47 Random Fragments of Unauthorised Hope and Despair


THERE was no doubt about it, thought Dr Phelps, as he surveyed the faces of the shoppers and workers through the two-way mirror that formed one whole wall of his city office.

There was no doubt about it - these people genuinely looked happy.

And, he reflected, leaning back in his black swivel chair and absent-mindedly flicking through the CCTV channels, that was in no small way down to him.

Instant diagnosis, that was the solution. Nip a problem in the bud before it even had a chance to exist. He had found the camera mounted on the outside of his office wall.

With a bit of remote control tilt and zoom, it gave him almost exactly the same view as his real one through the coated glass.

This was his favourite game.

Although his contribution to society was really the medical extension to the standard anti-terrorist facial recognition system - the software that could identify a problem through the national camera grid - Phelps was secretly prouder of his own personal ability to identify facial warning signs. After all, the computer’s knowledge was only a rationalised version of his own unerring instinct.

He put his feet up on his desk, revelling in his own invisibility to the passing crowds, and started to play.

That one was fine, and her, and the whole lot of them, laughing and giggling over their shopping. And here, amongst all the smiling, was a stern face, furrowed and focused as he weaved his way past the dawdlers.

Fine, thought Phelps. Nothing wrong with that. Motivated, busy, absorbed in his work. The smiles would come later, when he was relaxing in front of the TV, satisfied at another day well spent earning credit and career kudos.

That face was one of the basic positive models he’d programmed in. No need even to check the monitor to see if the system concurred. He knew that it had to.

More bland smiles and obvious contentment.

He moved his legs off the desk and sighed.

He felt deflated. This was no fun after all, no matter how satisfying it might be to contemplate the result of his genius.

He wanted a bit of a challenge, somebody to test his wits a little so he could demonstrate to himself yet again how astute he remained, in spite of his advancing years.

Aha - that could be one there!

The woman was walking fairly slowly towards him, weighed down with bags of shopping - electrical goods and children’s clothing by the look of it.

And she was smiling, of course.

But, Phelps noted to himself, not quite in the right way.

It wasn’t the obviously fake rictus of a smile that she was wearing and it wasn’t a telltale sadness of the eyes that gave her away.

In fact, to anyone but the most professional of experts (he ran a hand through his neat grey hair at the thought), she looked genuinely, undeniably cheerful.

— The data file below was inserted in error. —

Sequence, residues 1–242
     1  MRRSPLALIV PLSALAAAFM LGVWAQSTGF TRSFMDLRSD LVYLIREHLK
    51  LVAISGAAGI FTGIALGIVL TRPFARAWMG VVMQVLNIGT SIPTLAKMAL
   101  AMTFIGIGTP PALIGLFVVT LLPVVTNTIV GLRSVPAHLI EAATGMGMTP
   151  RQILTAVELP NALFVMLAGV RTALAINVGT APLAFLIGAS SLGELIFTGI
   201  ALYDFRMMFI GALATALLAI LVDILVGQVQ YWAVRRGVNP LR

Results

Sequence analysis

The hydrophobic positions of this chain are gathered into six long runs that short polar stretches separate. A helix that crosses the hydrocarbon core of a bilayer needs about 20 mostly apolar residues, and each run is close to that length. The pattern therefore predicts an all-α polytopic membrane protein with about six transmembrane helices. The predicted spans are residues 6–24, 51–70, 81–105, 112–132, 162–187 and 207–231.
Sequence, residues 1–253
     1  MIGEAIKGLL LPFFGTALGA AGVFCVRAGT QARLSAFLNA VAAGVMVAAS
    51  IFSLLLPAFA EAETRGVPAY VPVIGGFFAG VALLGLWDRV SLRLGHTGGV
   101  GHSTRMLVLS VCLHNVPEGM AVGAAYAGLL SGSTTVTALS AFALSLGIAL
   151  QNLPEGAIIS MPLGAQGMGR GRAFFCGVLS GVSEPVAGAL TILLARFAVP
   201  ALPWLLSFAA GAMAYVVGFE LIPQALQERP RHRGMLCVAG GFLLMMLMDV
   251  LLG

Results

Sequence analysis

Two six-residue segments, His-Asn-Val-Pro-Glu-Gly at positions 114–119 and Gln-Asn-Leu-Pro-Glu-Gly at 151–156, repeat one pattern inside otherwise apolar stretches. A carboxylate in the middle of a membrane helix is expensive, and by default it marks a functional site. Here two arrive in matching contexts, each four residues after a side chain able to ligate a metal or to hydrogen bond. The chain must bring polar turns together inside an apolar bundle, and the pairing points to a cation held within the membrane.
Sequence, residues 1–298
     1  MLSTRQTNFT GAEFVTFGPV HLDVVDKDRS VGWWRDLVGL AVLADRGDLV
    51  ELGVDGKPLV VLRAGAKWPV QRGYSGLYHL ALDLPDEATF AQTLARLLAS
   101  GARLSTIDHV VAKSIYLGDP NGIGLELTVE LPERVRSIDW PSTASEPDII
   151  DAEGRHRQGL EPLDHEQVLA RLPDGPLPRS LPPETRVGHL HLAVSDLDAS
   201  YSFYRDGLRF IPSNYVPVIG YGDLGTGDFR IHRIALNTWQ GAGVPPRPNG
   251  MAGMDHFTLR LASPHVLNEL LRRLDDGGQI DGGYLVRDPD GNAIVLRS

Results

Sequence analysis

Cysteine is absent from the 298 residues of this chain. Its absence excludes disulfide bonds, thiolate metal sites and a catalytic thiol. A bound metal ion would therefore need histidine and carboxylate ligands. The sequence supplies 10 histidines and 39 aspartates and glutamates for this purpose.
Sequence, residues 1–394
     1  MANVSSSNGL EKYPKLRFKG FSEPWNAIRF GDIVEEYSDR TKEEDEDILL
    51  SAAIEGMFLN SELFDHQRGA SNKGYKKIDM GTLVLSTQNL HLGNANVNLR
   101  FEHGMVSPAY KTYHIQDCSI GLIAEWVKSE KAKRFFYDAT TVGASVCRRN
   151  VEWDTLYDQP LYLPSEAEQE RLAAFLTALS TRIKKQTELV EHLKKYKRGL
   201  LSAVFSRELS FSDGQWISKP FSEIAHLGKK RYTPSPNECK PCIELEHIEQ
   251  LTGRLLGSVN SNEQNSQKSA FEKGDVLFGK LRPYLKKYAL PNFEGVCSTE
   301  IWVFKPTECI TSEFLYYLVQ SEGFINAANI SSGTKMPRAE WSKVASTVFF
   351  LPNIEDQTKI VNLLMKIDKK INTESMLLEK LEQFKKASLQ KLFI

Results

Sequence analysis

And yet...

Phelps sprang out of his seat and rushed to the far end of his mirror-window, waiting for her to draw alongside.

And as she did so, he accompanied her step by step, face pressed against the glass, scrutinising her every blink and reflex.

She was walking very close to his wall, just inches away, and unbeknown to her she was virtually cheek by jowl with the scientist, as he scuttled along beside her.

Finally, he turned away.

“Yes, she’s one!” he declared out loud.

He stepped briskly back to his desk and, without taking a seat, clicked to the “view analysis” function on his computer.

Sure enough, there she was.

In a sea of faces now coloured green, she was bright red and flashing.

As she was now out of easy observation from his window, Phelps watched her progress via the cameras. Shouldn’t be long now.

Yep, there they were. The van had pulled up, the security hood was on and she was whisked off out of sight, bags of shopping and all.

The first time Phelps had seen this, it had worried him a little.

But then he had rationalised that no matter how frightening the moment of rescue, the long-term benefits were undeniable.

The medication would make this woman’s life a pleasure again and ensure that the next time she passed down this street it would be with the same, genuine, smile as these other citizens.

Phelps never ceased to be amazed at the astonishing success of his scheme.

The unhappiness reduction rate had outstripped his wildest hopes and represented an extraordinary victory, proportional to the numbers of people actually medicated.

It had perplexed him initially that the mathematics did not work, that his system had achieved something that was physically impossible.

However, he soon realised he had forgotten to take on board the knock-on effect. A happy mother meant happy children. A happy boss produced happy workers.

He had initiated an unprecedented, unstoppable chain reaction of contagious well-being. Not a bad achievement for one person, he told himself. Not bad at all.

And then he poured himself a very large vodka to head off that nagging bloody suspicion that the only thing his system had really achieved was to train millions of miserable people to perfect the subtle art of pretending to look happy.